Joey Silknitter was baby-sitting his 5-month-old brother when he decided to set a world record.

The 16-year-old Papillion-La Vista High School student has been solving Rubik’s cubes since he was in middle school. But the record for the fastest solution — a speedy 4.9 seconds, according to Guinness World Records — seemed a little out of reach.

So Silknitter plopped down with Jack, his baby brother, flipped on a video camera, and created his own record: Fastest Time to Solve a Rubik’s Cube while Holding a Baby. While baby Jack stared blankly at the camera, Silknitter solved the cube in 39.28 seconds.

“It is very much a legitimate world record,” he said.

Silknitter uploaded the video to RecordSetter, a website that allows users to think up and set their own world records by submitting a video of their feat and creating rules for potential challengers.

“We’re kind of building the Wikipedia to Guinness Book’s Encyclopedia Britannica,” said Dan Rollman, CEO of RecordSetter, paraphrasing how a New Yorker article described the site in 2012. Records on the site include Most Bananas Fit in Pants While Wearing Them and Most People Walked Over While Juggling Five Fire Torches.

Once videos are submitted, RecordSetter staffers vet them to verify that the submitter is indeed the record-holder for their particular feat.

In submitting his video, Silknitter’s challenge joined the ranks of other Nebraska world records, such as the Most Times Circling a Basketball Around Waist in 30 Seconds and Most “Wayne’s World” Catchphrases Recited in One Minute.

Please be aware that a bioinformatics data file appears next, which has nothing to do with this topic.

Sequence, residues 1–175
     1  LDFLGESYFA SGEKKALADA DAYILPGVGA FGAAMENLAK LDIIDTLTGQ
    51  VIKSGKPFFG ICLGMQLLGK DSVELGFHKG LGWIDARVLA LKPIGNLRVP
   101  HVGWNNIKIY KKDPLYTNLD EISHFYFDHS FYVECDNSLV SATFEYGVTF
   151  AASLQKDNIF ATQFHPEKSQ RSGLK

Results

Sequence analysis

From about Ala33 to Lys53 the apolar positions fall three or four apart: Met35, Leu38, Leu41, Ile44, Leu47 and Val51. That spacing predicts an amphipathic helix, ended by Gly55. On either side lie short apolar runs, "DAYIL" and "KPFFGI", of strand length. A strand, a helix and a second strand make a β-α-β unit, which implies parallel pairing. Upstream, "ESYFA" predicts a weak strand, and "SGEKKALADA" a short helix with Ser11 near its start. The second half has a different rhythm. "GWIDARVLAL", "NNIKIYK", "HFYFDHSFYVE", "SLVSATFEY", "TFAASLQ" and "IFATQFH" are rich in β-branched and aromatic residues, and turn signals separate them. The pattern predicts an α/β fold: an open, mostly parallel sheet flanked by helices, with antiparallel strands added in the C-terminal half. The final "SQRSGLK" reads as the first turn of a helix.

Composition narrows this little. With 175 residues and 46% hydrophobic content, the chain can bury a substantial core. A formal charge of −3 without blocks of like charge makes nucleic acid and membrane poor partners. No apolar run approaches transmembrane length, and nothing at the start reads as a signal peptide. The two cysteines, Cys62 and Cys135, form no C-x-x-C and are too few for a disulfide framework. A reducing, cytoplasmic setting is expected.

As long as the challenge is quantifiable and breakable, Rollman said, it’s valid.

“It’s great to have a world record. It’s kind of fun,” said Silknitter, who comes from a family of entertainers — magic, juggling, balloon animals, comedy.

The teen has set a few rules for challengers to his title: The cube must be a standard 3x3 Rubik’s Cube and solvers must adhere to World Cube Association regulations. The baby may not be more than 5 years old. There must be video evidence of the solution.

And the baby may not assist in solving the puzzle.

Silknitter welcomes challengers. He wants to see who can bring the cutest baby or whether the infants can sit still long enough for the challengers to finish the puzzle. To him, the title isn’t important.

“I’m not worried about defending it,” Silknitter said. “It’s more of a fun pastime.”

Contact the writer: 402-444-3131, blake.ursch@owh.comtwitter.com/blakeursch_owh

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